Researchers discovered a way to double the amount of energy generated by solar cells

by | Jun 22, 2016 | Climate Change, Energy, Green Building, Recycling | 0 comments

We recently told you about an exciting development at MIT, where researchers discovered a way to double the amount of energy generated by solar cells. The breakthrough involves reconfiguring solar panels, adding an additional layer to their structure that reflects sunlight to a second solar cell at the optimal wavelength for peak efficiency. It’s an intriguing project that could have far reaching implications, but efficiency is just one of several barriers preventing solar energy from being utilized more widely.

Now, another barrier may be on the brink of toppling as a new research is developing a way to convert sunlight and water into liquid fuel.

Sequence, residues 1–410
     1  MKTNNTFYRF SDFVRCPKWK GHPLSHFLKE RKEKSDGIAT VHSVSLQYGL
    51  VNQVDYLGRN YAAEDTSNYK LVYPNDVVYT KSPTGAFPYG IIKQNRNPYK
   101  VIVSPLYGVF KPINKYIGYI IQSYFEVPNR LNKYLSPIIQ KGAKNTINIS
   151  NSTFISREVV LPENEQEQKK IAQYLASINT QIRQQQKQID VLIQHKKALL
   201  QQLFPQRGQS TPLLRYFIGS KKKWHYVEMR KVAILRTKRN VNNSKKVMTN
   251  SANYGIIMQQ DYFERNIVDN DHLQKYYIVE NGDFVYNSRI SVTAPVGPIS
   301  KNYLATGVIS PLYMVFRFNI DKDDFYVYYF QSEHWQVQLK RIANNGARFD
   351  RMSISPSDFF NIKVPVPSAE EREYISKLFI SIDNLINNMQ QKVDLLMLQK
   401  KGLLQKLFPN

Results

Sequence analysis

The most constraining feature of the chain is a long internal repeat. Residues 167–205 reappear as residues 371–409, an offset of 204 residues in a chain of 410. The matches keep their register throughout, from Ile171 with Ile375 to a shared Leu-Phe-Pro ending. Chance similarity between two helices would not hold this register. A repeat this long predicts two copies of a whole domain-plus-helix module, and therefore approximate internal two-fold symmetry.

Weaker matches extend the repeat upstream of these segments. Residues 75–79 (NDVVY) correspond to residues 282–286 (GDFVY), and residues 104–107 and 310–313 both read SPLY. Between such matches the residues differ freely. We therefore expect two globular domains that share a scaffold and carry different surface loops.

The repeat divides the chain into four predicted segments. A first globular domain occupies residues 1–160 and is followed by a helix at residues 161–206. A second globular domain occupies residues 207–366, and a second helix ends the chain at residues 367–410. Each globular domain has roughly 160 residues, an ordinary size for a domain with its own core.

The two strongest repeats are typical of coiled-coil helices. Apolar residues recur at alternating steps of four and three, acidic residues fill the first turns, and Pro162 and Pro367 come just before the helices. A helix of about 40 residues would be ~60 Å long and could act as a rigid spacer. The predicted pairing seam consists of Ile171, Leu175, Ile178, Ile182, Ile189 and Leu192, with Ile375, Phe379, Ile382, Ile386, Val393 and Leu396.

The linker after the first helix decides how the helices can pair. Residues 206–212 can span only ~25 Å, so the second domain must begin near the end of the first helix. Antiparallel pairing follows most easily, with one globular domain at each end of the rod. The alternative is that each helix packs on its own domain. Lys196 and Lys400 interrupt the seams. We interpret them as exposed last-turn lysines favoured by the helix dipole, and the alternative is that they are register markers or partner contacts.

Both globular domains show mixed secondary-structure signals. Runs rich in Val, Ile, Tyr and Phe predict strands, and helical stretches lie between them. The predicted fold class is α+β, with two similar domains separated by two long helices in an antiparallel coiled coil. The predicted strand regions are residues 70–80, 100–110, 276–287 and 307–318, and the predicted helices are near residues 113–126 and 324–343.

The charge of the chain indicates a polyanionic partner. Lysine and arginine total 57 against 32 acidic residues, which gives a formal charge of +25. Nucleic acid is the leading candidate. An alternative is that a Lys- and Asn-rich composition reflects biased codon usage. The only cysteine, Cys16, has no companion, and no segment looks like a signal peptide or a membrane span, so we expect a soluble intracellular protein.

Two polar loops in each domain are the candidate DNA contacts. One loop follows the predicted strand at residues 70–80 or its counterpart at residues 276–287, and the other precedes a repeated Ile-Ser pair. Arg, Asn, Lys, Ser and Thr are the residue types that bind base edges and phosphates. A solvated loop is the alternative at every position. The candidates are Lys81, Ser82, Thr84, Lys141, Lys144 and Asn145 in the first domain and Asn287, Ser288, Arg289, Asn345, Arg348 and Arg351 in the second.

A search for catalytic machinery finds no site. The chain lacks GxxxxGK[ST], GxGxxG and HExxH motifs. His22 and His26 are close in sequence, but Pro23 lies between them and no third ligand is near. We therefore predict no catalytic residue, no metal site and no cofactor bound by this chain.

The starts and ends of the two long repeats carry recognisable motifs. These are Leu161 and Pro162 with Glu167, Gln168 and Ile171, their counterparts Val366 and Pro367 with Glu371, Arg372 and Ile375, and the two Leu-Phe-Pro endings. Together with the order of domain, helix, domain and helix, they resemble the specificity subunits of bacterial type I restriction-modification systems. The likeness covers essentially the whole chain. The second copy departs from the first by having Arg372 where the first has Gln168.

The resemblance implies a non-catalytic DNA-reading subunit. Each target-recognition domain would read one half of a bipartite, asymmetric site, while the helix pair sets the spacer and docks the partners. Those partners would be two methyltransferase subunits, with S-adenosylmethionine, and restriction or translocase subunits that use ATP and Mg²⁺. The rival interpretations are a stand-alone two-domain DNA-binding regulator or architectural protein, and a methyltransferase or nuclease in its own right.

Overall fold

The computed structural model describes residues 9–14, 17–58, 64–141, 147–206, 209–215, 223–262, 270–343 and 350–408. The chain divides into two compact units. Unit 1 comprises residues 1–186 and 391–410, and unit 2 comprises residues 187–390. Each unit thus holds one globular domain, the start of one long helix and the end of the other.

A pair of professors at Harvard University have been working on developing a “bionic leaf” for some time now. The goal has always been to harness sunlight and use it to create liquid fuel rather than electricity that must then be stored in a battery.

To achieve this, a mechanism was designed to use solar power to separate oxygen atoms in water from hydrogen, which is then converted into isopropyl alcohol by bacteria. But prior efforts had used a nickel-molybdenum-zinc catalyst and the resulting reactive oxygen species would destroy the bacteria’s DNA. The only way around the unwanted reaction was to operate the system at very high voltages, which obviously would in turn decrease efficiency.

But the team has seemingly found a solution.

Read full Story: BGR

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